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©Douglas Beyer 2000

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growing in my SACRIFICE
Romans 12:1

Given the title of this chapter, I'm surprised that you are reading it. Who wants to grow in sacrifice?

No way!It brings to mind the old story of the pig and chicken who met a poor, hungry man. The pig said, "We ought to do something to help that poor guy."

"Why don't we give him a ham and egg breakfast?" the chicken suggested.

"That's easy for you to say," the pig responded. "For you it is a generous contribution, but for me it is a personal sacrifice!"

The pig has a point. Who wants to grow in sacrifice? Nearly everyone wants to grow in dependence, knowledge, commitment, prayers, and fellowship… but sacrifice?

On the other hand, if we are serious about growing with Christ, we will certainly have to grow in our sacrifice. Nearly everybody knows and loves John 3:16, "For God so loved the world that he gave his only begotten son that whosoever believeth in him should not perish, but have everlasting life." But a companion verse, 1 John 3:16 carries the same thought one step further, "This is how we know what love is: Jesus Christ laid down his life for us. And we ought to lay down our lives for our brothers."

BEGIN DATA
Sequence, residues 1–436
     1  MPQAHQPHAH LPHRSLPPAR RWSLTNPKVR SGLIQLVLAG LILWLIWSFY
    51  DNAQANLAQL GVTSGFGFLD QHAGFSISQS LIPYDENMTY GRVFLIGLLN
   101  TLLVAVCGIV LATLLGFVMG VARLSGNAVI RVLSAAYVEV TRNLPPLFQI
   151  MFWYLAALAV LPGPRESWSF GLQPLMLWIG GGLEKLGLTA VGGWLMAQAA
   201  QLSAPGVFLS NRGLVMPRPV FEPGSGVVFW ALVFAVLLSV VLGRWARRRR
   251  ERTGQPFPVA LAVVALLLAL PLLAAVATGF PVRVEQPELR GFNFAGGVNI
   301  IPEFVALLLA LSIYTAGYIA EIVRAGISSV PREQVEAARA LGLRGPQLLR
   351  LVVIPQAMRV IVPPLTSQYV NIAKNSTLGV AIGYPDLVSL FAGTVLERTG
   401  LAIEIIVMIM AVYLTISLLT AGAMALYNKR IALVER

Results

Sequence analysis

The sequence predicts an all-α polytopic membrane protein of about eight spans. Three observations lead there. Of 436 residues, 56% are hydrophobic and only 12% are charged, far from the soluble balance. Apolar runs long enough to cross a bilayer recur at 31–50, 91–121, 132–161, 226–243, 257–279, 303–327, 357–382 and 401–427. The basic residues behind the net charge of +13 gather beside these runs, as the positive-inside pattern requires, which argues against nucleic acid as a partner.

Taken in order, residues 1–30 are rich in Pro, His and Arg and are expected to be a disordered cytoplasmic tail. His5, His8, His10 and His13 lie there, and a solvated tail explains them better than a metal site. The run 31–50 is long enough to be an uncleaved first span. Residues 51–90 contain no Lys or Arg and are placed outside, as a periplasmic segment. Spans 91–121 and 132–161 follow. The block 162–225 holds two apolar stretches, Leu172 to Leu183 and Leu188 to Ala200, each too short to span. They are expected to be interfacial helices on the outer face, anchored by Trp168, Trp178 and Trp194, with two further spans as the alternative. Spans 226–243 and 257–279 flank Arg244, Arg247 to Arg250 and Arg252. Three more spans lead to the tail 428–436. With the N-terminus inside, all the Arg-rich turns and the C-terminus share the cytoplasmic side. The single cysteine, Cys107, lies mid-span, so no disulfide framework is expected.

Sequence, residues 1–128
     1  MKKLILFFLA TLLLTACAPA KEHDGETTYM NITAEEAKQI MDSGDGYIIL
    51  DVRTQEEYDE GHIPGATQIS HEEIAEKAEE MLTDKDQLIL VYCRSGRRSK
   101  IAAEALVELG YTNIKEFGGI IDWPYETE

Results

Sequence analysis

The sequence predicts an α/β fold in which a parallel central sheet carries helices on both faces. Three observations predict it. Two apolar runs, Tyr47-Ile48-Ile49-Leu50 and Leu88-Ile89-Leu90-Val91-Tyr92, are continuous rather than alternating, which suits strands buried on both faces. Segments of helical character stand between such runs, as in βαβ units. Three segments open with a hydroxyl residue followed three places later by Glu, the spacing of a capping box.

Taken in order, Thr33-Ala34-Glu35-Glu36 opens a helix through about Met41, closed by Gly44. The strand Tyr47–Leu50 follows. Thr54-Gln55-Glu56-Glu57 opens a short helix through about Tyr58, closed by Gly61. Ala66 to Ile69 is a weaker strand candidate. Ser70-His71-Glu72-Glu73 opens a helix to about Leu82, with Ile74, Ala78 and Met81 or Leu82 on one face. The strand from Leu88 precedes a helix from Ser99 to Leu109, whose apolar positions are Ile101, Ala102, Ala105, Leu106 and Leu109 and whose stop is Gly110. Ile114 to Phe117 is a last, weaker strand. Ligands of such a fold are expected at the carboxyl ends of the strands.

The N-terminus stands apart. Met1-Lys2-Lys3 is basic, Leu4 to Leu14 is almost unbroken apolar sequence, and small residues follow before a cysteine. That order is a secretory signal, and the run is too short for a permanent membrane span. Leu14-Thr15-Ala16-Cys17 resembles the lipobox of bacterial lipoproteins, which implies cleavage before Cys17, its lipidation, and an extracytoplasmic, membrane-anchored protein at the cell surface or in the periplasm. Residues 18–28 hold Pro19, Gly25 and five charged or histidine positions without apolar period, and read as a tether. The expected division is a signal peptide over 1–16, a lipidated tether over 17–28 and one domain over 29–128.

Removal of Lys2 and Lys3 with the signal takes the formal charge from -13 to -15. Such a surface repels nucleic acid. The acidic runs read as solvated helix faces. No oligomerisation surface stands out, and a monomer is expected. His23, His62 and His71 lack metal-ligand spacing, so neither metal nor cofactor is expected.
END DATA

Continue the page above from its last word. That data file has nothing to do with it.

Some wise man has said, "The four most important words in the English language are I, me, mine and money." Sacrifice is something most people avoid if they can, perform if they must, and brag about forever.

There are two kinds of people in this world: those who buy fur coats and those who buy firewood. The first seek to warm themselves; the second seek to warm others. The first comes into a room and says, "Well, here I am!" The second comes in and says, "Ah, there you are."

MirrorSelf-Centeredness

Self-centeredness is the religion of our age. Its Bible is the sales catalogue; its temple is the shopping mall; its high priests are advertising executives; and its creed is "please yourself."

Consumer mentality may be good when deciding between brands of toothpaste or wall paint, but it is fatal as a philosophy of life. It destroys life's most valuable relationships.